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Sleep twitches facilitate motor cortex development in rats

Mean percentage of twitches (blue) and wake movements (red) that yielded population responses of 0-10% to 90-100% of neurons at P8 (left) and P12 (right). Median values for twitches (blue arrows) and wake movements (red arrows) are also shown. Credit: Glanz et al., JNeurosci 2021

Electrical activity in the motor cortex of rats transforms from redundant to complex over the span of four days shortly after birth. Sleep twitches guide this metamorphosis, according to new research published in JNeurosci.

Despite its name, the motor cortex doesn’t control movement right off the bat. Early in development, this part of the brain is solely a sensory structure. Feedback from self-generated movements—sleep twitches in particular—may build representations of the body that will later orchestrate movement.

To characterize this transition, Glanz et al. recorded electrical activity from the motor cortex of rat pups eight and 12 days after birth while monitoring their behavior. On both days, sleep twitches drove more electrical activity than wake movements. Twitches on postnatal day eight (P8) activated many neurons at the same time—there was high redundance. This redundance disappeared by P12: each twitch activated a smaller group of neurons, a sign of maturing circuits. Larger twitches induced larger responses on P8, a trend not seen on P12. Yet the motor cortex became more sensitive to small twitches by P12.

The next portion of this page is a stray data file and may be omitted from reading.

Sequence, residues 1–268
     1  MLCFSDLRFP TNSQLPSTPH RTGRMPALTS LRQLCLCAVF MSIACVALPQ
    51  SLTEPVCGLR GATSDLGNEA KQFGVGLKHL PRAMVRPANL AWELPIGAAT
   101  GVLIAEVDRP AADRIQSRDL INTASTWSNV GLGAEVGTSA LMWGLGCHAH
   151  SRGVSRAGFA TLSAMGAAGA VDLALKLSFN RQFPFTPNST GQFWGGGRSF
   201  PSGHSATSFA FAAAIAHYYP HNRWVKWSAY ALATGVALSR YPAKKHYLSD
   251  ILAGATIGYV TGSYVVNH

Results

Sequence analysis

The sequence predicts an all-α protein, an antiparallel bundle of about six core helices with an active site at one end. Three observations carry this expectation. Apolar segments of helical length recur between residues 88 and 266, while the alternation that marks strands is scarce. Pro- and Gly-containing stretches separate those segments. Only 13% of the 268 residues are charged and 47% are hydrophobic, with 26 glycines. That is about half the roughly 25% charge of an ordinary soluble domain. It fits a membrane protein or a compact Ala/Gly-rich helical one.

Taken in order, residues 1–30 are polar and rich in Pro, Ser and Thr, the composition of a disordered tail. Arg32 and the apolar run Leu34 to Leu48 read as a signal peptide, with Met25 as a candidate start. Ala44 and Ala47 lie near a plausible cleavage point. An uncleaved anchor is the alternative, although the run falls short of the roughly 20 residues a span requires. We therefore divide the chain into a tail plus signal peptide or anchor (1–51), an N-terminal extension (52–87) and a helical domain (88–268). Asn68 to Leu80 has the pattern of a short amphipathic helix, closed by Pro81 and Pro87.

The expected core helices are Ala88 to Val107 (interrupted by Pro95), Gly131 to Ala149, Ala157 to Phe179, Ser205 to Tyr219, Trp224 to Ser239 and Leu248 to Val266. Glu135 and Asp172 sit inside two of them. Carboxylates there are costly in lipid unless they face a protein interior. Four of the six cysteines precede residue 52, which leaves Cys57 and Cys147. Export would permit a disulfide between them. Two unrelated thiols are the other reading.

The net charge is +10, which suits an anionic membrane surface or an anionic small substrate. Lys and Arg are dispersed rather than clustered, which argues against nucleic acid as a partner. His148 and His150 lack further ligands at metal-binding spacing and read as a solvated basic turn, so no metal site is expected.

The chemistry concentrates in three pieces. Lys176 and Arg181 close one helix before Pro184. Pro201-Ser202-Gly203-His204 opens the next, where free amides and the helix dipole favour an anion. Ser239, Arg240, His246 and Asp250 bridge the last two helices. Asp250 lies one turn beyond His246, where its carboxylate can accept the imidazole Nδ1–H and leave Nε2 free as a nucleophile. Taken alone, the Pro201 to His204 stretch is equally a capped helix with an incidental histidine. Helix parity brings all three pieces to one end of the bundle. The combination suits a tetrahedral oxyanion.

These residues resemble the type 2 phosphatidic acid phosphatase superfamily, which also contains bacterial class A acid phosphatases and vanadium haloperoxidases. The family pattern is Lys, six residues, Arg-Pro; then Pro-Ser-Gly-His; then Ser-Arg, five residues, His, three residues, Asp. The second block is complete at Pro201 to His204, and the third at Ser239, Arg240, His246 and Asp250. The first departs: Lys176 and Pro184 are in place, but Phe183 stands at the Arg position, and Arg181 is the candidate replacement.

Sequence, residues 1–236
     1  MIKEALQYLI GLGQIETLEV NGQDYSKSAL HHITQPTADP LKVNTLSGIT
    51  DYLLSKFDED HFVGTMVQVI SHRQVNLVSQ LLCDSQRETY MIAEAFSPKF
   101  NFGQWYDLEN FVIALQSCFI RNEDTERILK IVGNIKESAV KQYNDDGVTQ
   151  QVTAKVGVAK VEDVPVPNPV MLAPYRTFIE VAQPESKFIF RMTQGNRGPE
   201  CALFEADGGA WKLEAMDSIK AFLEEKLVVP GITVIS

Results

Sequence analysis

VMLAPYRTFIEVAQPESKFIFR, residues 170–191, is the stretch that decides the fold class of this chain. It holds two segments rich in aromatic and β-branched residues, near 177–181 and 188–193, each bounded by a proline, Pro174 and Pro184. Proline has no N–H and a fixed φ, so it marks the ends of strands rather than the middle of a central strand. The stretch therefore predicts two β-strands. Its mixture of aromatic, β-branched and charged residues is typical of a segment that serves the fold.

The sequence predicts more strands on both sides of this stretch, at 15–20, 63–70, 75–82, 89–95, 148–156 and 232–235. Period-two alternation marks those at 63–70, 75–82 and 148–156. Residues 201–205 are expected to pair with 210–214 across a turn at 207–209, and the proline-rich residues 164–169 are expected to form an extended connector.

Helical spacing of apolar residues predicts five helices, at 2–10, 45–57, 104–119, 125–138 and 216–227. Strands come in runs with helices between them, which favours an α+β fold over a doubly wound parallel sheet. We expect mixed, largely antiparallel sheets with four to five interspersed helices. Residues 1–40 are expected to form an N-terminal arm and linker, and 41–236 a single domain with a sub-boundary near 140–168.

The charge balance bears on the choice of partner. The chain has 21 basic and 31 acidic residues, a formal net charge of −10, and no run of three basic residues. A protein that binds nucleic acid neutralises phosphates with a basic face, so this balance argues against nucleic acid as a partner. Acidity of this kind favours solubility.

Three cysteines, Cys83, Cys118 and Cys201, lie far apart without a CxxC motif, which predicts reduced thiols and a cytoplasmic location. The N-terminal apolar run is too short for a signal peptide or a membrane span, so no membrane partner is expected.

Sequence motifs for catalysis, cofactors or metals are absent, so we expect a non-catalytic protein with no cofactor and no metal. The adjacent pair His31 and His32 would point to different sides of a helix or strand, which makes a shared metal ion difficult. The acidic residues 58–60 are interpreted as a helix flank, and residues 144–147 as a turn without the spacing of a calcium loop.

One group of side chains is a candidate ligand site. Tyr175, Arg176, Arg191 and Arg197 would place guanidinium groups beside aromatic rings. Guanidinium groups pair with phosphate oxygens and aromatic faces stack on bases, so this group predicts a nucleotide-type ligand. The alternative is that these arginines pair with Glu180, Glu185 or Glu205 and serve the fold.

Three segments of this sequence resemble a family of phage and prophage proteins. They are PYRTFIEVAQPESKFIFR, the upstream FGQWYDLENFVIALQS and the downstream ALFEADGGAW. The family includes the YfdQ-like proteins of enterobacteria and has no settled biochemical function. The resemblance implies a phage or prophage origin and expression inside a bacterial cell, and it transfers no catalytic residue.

These changes mark a key developmental transition in the motor cortex facilitated by sleep twitches.


Researchers find human infant brains, bodies are active during new sleep stage


More information:
Sensory Coding of Limb Kinematics in Motor Cortex Across a Key Developmental Transition, JNeurosci (2021). DOI: 10.1523/JNEUROSCI.0921-21.2021

Citation:
Sleep twitches facilitate motor cortex development in rats (2021, July 19)
retrieved 19 July 2021
from https://medicalxpress.com/news/2021-07-twitches-motor-cortex-rats.html

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